The major development work for Westphalia in the last few months hasn't been about making any mechanical changes to the game; it's about improving the user interface and jump-starting cognition. I've been attacking this problem via a number of different fronts.
First, and perhaps most unusually, the rulebook is divided into two sections: Context and Laws of Play. As you might imagine, Laws of Play is a no-frills straightforward "do this then this, must and may and must not" explanation of the rules. The Context section which precedes it is about giving the reader a somewhat idiosyncratic and necessarily abbreviated crash course in the political, diplomatic, and military situations that the game represents. This keeps the Laws uncluttered and easy to reference, while enabling the reader to answer the "Wait, why does X?" questions that might come up during play. If the person who bought the game and is presumably going to teach it has read that section, they're going to be better able to connect those dots for themselves and their fellow players.
Secondly, I am planning on including a "teaching script" in the rulebook. This will basically be verbatim how I teach the game. This isn't a "short version" of the rules - the rules themselves are the shortest version of the rules - but an overview of the mechanics, the factions, and their relationships, frontloading the most important information without overwhelming people by blabbing at them for half an hour. The danger here of course is that everyone learns differently and teaches differently; there's bound to be people who feel the script doesn't cover enough and others who feel it gets too detailed. I will naturally be encouraging people to adapt it as they see fit for their group and their preferences.
But more than trying to get players to hold the game together in their head, there's the more pressing problem of getting them into it. Often with new groups I see players spending the first round hesitant to make trades, unsure of what they should be doing. The problem is that you don't have that many rounds and you really need to make all of them count. Toward the end of their first game, all players are convinced that there's no way they can satisfy their victory conditions; it's not until the game moves to its final debt resolutions that the light bulb goes off and they see what they've accomplished, and, oh, turns out I did it after all.
Both of these are problems that go away the second time the players sit down to the game, and, hey, normally I'd be kinda sorta okay with that, if it wasn't a six player only game. If it was for two players, well, probably you can play it again in a few days or the following week, and now you have that experience and can play more competently. But at six, your second whack at it might be a few weeks or months later, and there's a good chance that it won't be the exact same five faces staring back at you. I need to give all those players a little nudge in the right direction so they can start and end the game on better footing.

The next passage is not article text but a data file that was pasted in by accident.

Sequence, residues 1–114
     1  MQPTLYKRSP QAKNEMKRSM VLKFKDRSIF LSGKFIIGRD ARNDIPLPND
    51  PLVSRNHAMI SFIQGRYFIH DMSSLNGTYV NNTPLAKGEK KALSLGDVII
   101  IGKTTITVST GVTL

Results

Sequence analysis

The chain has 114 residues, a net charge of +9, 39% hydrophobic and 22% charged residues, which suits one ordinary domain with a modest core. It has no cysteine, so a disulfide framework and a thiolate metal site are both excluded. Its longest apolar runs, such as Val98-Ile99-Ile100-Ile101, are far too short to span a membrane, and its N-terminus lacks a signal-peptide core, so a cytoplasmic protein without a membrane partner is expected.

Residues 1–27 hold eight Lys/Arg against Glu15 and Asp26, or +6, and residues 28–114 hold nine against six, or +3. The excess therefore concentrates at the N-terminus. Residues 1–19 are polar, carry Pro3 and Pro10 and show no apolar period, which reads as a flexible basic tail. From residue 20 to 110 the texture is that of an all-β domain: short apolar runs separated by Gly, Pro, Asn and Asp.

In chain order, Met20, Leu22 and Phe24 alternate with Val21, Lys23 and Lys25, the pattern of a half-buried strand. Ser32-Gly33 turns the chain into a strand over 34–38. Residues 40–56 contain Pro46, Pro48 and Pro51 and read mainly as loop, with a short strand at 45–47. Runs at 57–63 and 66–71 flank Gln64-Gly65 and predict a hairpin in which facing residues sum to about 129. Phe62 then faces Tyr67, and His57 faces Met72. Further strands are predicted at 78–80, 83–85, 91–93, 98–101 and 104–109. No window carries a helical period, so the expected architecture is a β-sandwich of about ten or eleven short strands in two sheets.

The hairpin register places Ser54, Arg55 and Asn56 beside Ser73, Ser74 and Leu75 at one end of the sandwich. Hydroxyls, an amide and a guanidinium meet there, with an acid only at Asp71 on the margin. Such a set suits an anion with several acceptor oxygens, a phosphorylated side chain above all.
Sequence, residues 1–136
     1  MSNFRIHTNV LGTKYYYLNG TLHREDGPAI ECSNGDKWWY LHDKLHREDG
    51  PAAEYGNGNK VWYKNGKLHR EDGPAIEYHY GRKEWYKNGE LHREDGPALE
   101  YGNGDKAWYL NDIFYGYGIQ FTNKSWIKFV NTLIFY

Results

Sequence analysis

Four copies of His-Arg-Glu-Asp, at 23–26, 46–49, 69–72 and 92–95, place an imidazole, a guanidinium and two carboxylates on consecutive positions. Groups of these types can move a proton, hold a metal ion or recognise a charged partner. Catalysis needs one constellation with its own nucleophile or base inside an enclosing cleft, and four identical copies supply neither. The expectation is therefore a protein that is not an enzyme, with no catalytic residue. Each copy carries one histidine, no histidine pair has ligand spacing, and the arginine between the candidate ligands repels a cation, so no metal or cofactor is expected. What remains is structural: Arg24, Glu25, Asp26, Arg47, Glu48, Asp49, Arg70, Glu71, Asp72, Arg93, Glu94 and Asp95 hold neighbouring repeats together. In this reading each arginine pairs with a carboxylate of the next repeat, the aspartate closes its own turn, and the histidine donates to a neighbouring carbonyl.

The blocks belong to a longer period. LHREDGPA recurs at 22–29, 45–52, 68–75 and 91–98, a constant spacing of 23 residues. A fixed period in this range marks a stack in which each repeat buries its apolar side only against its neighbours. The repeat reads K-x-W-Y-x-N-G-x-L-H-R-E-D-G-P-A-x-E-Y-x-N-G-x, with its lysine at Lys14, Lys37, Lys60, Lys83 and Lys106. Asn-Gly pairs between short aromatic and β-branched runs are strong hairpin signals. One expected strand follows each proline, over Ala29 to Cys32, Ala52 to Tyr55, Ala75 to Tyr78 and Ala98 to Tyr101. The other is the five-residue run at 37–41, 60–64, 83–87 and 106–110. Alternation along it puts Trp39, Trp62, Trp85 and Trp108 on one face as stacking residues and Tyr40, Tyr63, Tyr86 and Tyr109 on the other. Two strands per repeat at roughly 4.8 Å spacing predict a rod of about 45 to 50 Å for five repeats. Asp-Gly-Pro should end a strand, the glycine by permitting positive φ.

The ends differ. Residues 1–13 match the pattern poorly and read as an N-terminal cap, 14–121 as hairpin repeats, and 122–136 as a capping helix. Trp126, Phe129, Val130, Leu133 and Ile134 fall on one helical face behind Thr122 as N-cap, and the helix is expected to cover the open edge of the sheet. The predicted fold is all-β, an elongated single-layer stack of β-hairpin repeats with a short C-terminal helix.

This crystallized for me after playing Tom Lehmann's Time Agent in Dallas at this year's Trains and Chit. That's a game that, at least functionally, is for only six players, with each player's factions having, you guessed it, different advantages, disadvantages, and goals. The faction cards for Time Agent each identify a couple of key events that you want to alter, and even suggest a strategy or two that might be worth pursuing. I don't go quite that far, but I do give a quick and dirty summary of that player's position, what they want, and how they can get it.
I also spend a few words talking about the feel of the faction, because that's also important; some are going to be a better fit for Bob than for Janice and vice-versa. One of the cool things about Westphalia that I like is that after you've dealt out the factions, players can trade them before the game starts, even sweetening the deal by exchanging starting commodities. This was great in theory, but in the first several playtests no one ever wanted to trade, with the prevailing feeling being, well, we haven't played it before, so we don't know what they're like. I might tell them what they're like, but it was hard to hold six different factions in their head simultaneously. Once I put that info on cards, however, this pre-game faction-swapping started happening more frequently. Having that card in front of you allows you to focus on that single piece of information in isolation, better enabling you to decide, "oh, yeah, this sounds up my alley" or "ooh, this one might not be my jam, maybe someone wants to trade".It's easy - sometimes seductively so - to think of games as their mechanical parts, the sum of their rules and systems, as a pure abstract thing that exists separately from the components that bind it to our physical world. But the usability of these components, the ways that they underline or subvert meaning, and the ways they communicate or fail to - these are crucial parts of the experience that shouldn't be overlooked.